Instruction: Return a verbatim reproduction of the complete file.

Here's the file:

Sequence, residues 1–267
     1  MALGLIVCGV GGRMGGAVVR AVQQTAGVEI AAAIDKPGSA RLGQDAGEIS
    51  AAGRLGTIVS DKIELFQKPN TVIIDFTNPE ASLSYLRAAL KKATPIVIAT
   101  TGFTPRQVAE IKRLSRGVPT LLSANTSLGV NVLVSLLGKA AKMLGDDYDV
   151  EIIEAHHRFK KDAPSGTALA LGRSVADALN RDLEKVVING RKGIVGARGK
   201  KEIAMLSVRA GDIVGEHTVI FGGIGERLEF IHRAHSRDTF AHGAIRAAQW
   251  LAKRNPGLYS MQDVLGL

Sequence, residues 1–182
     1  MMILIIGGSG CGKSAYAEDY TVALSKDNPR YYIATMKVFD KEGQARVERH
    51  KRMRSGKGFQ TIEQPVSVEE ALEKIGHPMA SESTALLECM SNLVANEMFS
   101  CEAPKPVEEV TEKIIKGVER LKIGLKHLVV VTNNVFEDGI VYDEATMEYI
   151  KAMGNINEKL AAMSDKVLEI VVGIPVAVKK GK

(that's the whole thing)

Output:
Sequence, residues 1–267
     1  MALGLIVCGV GGRMGGAVVR AVQQTAGVEI AAAIDKPGSA RLGQDAGEIS
    51  AAGRLGTIVS DKIELFQKPN TVIIDFTNPE ASLSYLRAAL KKATPIVIAT
   101  TGFTPRQVAE IKRLSRGVPT LLSANTSLGV NVLVSLLGKA AKMLGDDYDV
   151  EIIEAHHRFK KDAPSGTALA LGRSVADALN RDLEKVVING RKGIVGARGK
   201  KEIAMLSVRA GDIVGEHTVI FGGIGERLEF IHRAHSRDTF AHGAIRAAQW
   251  LAKRNPGLYS MQDVLGL

Sequence, residues 1–182
     1  MMILIIGGSG CGKSAYAEDY TVALSKDNPR YYIATMKVFD KEGQARVERH
    51  KRMRSGKGFQ TIEQPVSVEE ALEKIGHPMA SESTALLECM SNLVANEMFS
   101  CEAPKPVEEV TEKIIKGVER LKIGLKHLVV VTNNVFEDGI VYDEATMEYI
   151  KAMGNINEKL AAMSDKVLEI VVGIPVAVKK GK